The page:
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Thursday, 8 August 1946


Mr MOUNTJOY (SWAN, WESTERN AUSTRALIA) - It is a shame that Tasmania is not connected with the mainland, because, if it were, we should not have continual complaints about its isola- tion and neglect. I understand that it baf 300 miles of railways with the appropriate number of locomotives and rollingstock. The modernization of Tasmanian railways will be given consideration. It ought not to be taken for granted that the 3-ft. 6-in. gauge is useless. Plenty of countries operate on the 3-ft. 6.-in. gauge, and if the rails are heavy and the bed well laid and kept in order, big loads can bp hauled by powerful engines at high speeds, and it should be possible for the Tasmanian railways to he brought uptodate without alteration of the gauge. On the mainland, however, the advantages of the standard gauge are manifold. A paramount reason for standardizing the gauges is that of defence. During the war, when Western- Australia appeared to be in imminent danger of invasion by the Japanese, it was defenceless. We did have the Voluntary Defence Corps armed with shot-guns and broomsticks. In spite, of the- severe handicaps presented by the breaks of gauge, however, the railways did a very good job in transporting an armoured division across the continent. The job would have been immeasurably easier, but for the fact that between Sydney and Perth we have breaks of gauge at Albury, Port Pirie and Kalgoorlie, where the 3-ft. 6-in. gauge begins. I do not claim, however, that defence needs are immediately pressing, because we are not likely to be at war again in the next two or three years. Japan has been vanquished, and I cannot conceive of any other nation, in the near future at any rate, attacking us. As a Western Australian, I see immense advantages in the standardization of the gauges. For instance, it would make possible the development of a greater market for our agricultural products in the eastern States. The State is preponderantly a primary producing State. I believe that Sydney and Melbourne are potentially great markets for our garden produce. The tomato crop at Geraldton, in the electorate of the honorable member for Kalgoorlie (Mr. Johnson) ripens early in the season. It is picked and carried on the line of the Midland Railway Company to Midland Junction, where it is transferred to the line to Kalgoorlie, where it has to be transferred once more to the East- West train, and eventually, it arrives in Melbourne after having been unloaded and reloaded at Port Pirie, Port Augusta and Adelaide. Even then the tomatoes are sold at a good profit. The Western Australian climate and soil are eminently suitable for the production of certain fruits that do not do so well in eastern Australia. Of course, other fruits that we grow can be grown equally well on this side of the continent; but, with a standard line, fruits and vegetables that the starved markets in the eastern States would readily absorb, could be transported across the continent in a couple of days and sold at a good profit to the producers more cheaply than they can be sold under present conditions. Therefore, from the agricultural viewpoint alone, Western Australia would greatly benefit from standardization. I hoped that the first lines converted to the standard gauge would be from Kalgoorlie to Perth and from Port Augusta to Broken Hill. That would provide Western Australia with a one-gauge link with Sydney. One of the main bottle-necks in the transport Of troops during the war was the Commonwealth's own line from Port Pirie to Kalgoorlie. It was a bottle-neck because the rolling-stock was only sufficient to meet peace-time needs. The line is absolutely isolated from other 4-ft.81/2-in. lines, with a 5-ft. 3-in. gauge commencing at the Port Pirie terminal and the 3-ft. 6-in. gauge at the Kalgoorlie terminal. Many complaints were voiced in this Parliament during the war about troopshaving toundergo the ordeal of crossing the Nullarbor Plain in cattle trucks. Any one who has made thejourney, either in the cold of winter or the heat of summer, knows how trying it is, even in comfortable carriages. However,, as rolling-stock was lacking, willy-nilly, owing to the imminent danger in which Western Australia stood, the troops had to undergo the ordeal. Had there been a link with the New South Wales railways system, the reservoir of rolling-stock in that State could have been drawn upon and. the troops saved discomfort. The agreement would, in my opinion, be improved if the Railways Standardization Board had on it not only those persons whose membership is provided for in the bill, but also a member of the wages staff. It is proposed that the board shall consist of a director-general, who shall be chairman, and the following other members: -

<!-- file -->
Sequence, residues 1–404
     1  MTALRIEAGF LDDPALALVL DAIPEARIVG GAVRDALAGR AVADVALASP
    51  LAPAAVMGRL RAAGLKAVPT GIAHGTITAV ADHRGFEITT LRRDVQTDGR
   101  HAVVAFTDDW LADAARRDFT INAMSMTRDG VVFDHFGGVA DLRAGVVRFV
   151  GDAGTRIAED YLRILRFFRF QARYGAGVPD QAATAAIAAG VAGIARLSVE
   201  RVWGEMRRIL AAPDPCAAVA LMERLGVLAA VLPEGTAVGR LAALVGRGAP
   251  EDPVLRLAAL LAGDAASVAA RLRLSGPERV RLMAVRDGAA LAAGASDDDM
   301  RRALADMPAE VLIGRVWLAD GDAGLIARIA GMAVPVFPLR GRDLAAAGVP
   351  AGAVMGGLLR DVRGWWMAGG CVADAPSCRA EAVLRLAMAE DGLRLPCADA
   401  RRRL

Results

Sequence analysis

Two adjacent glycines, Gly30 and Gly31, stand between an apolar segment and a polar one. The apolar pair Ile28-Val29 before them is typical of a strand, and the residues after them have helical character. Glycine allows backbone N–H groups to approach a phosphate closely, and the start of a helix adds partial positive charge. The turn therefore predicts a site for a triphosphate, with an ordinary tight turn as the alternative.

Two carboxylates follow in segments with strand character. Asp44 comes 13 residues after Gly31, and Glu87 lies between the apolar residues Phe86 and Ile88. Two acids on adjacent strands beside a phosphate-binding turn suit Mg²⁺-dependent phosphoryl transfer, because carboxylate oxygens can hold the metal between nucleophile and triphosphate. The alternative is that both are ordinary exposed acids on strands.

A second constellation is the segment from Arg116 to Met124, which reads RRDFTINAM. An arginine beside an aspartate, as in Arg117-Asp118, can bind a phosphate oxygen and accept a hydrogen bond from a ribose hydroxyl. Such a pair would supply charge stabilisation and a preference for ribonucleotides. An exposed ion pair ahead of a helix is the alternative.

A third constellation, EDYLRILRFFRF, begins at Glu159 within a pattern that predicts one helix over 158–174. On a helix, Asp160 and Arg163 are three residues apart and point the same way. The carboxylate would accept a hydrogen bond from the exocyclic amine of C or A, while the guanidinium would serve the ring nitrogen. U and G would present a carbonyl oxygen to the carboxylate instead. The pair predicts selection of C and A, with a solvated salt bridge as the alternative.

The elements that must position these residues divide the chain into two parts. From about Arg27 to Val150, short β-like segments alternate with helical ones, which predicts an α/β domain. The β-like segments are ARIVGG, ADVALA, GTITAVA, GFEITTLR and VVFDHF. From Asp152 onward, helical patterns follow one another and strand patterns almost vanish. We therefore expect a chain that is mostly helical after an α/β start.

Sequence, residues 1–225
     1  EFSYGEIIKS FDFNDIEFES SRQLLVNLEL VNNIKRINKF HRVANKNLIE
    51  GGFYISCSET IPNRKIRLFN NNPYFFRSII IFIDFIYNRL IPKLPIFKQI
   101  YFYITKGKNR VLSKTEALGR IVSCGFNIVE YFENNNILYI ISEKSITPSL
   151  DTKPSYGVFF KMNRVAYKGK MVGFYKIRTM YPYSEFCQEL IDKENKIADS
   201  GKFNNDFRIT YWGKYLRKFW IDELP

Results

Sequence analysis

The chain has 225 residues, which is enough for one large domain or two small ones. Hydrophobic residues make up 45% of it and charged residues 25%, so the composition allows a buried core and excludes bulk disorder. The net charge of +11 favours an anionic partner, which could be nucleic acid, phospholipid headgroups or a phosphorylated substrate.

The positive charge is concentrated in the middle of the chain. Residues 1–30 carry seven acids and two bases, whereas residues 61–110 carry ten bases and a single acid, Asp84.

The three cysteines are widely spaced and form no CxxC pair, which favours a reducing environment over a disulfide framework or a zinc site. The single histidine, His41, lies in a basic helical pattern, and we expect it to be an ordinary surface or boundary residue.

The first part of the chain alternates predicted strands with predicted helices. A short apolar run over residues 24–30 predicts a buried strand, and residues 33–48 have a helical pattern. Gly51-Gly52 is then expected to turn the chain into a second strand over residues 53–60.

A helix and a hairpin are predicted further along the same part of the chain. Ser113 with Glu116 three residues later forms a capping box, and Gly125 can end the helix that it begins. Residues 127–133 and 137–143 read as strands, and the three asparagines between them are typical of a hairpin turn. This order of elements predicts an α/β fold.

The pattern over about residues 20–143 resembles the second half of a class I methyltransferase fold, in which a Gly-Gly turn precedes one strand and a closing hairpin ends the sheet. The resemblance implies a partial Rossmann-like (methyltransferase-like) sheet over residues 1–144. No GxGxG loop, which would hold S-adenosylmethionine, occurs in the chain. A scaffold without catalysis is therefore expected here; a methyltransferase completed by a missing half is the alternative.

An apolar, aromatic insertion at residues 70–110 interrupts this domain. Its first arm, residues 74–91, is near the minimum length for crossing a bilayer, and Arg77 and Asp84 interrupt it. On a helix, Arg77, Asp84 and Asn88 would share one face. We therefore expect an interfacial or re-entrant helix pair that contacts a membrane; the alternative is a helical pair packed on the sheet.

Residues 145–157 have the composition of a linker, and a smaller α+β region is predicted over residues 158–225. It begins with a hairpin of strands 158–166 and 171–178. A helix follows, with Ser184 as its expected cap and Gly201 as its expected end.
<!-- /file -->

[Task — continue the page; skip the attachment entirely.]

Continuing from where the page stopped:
(a)   one person who is qualified in railway mechanical engineering;

(b)   one person who is qualified in railway civil engineering;

(c)   one person who is qualified in railway transportation and traffic; and

(d)   one person who is qualified in railway finance and accounting.

I advocate the appointment to the board of a representative of the workers, a trade unionist, because, although I recognize the need for men qualified in the the foregoing callings, I think a man with practical knowledge gained through years of active operation of railways, could bring to bear on problems that will confront the board a wealth of experience. I base that contention on personal experience. The yard of the railway depot at Northam was so hopelessly congested that the Western Australian Railways Department decided to re-organize it. There was a natural fall in the yard so that when the shunters took the rollingstock out of the sheds all they needed to do would be to give it a heave and it would run to where required. The engineers constructed the new yard in such a way that when the job was completed, the shunters found that they had to push the trucks uphill. Surveyors and engineers, at the cost of many thousands ofpounds to the railway department, built the yard the wrong way round! Had they had the advice of a shunter, who knows only two well that trucks run downhill but have to be pushed uphill, they would not have perpetrated that error. Therefore, the wages staff, who are most concerned in the success of the conversion, ought to be represented on the board.